Stability (4.0)

Pitched with trekking poles, the Alphamid is easily capable of shedding high winds without dramatic flapping, particularly if the shelter is pitched with one of its rear corners into the wind (ideal). Due to its high profile, however, the Alphamid is prone to wind stress, especially if the shelter is pitched with its vertically flat door facing the wind. Fortunately, when using a pole for stability, even this configuration does not pose significant problems at winds less than 25 mph.

Pitched without a pole (with the apex tied to a high point), the Alphamid suffers from excessive flapping and panel deflection in winds greater than 15 mph; thus, this pitch configuration is recommended only for below-the-treeline use when a pole is not available.

Storm Protection (5.0)

The Alphamid pitches with its perimeter to the ground, and offers a full zip door. Consequently, it provides complete protection from rain. Further, it sheds snow exceptionally well due to its steep walls, and there is little risk of snow accumulating on the tarp and causing the walls to sag.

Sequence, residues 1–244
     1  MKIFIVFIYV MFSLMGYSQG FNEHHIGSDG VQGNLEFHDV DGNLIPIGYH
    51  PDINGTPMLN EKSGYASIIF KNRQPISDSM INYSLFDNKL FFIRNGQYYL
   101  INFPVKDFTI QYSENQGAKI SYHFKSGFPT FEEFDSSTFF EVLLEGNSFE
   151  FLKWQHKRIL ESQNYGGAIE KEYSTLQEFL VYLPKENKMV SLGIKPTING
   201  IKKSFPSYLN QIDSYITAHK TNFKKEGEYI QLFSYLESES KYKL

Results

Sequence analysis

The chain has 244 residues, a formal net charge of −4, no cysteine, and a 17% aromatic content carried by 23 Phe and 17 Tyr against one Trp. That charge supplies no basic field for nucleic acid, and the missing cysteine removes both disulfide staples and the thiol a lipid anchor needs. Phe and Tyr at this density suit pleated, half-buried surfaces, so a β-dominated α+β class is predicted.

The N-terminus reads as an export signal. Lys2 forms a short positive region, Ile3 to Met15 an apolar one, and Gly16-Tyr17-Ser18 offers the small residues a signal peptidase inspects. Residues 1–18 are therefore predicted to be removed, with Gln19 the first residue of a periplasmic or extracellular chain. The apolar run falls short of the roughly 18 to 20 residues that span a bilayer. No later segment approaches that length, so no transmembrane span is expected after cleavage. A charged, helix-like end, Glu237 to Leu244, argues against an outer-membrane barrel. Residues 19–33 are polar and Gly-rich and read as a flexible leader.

Ventilation / Condensation Resistance (3.5)

When the Alphamid is pitched in its down-to-the-ground-and-fully-zipped mode, one can expect condensation to accumulate on the inside walls. However, the Alphamid offers enough flexibility in pitching to provide airflow: the doors can be pitched partially or completely open, and one or more of the five perimeter guyline points can be pitched off the ground with guylines. When the doors are completely zipped, a two-way zipper that is zipped down from the top of the door can allows a small amount of warm air to escape through the peak.

Flexibility of Pitching (4.0)

The Alphamid offers enough options for the astute tarp camper to control ventilation, storm protection, and wind stability, and thus, is entirely suitable for both dry and damp climates, above or below the treeline.

Insect Protection (3.0)

Since the Alphamid is floorless, it is not an ideal bug shelter, but since it can be pitched to the ground and zipped up, it provides adequate protection from swarms in most conditions, especially when paired with a ground cloth that is large enough to cover the entire floor of the shelter.


  • Weight: 19.0 ounces
  • Width: 5.0 feet
  • Length: 10.0 feet
  • Height: 5.0 feet
  • Surface Area: 50.0 feet
  • Square Feet / Ounce: 2.6
  • Price: $160 (price includes tarp, pole, cord, and sealer)

Value (4.0)

At $160, the Alphamid is priced higher than simple tarps. However, considering that (1) it's the only shelter of its kind on the market, (2) it's made in the USA, and (3) it offers significant flexibility in a package suitable for a wide range of conditions, and it's a great value.



"Oware Alphamid," by the Product Review Staff. (ISSN 1537-0364)., 2003-09-29 03:00:00-06.